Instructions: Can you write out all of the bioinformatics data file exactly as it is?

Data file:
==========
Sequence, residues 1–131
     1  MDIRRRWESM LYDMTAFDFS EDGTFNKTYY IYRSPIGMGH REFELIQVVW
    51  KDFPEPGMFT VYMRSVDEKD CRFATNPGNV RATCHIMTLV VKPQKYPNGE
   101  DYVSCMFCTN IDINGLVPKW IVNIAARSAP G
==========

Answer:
Sequence, residues 1–131
     1  MDIRRRWESM LYDMTAFDFS EDGTFNKTYY IYRSPIGMGH REFELIQVVW
    51  KDFPEPGMFT VYMRSVDEKD CRFATNPGNV RATCHIMTLV VKPQKYPNGE
   101  DYVSCMFCTN IDINGLVPKW IVNIAARSAP G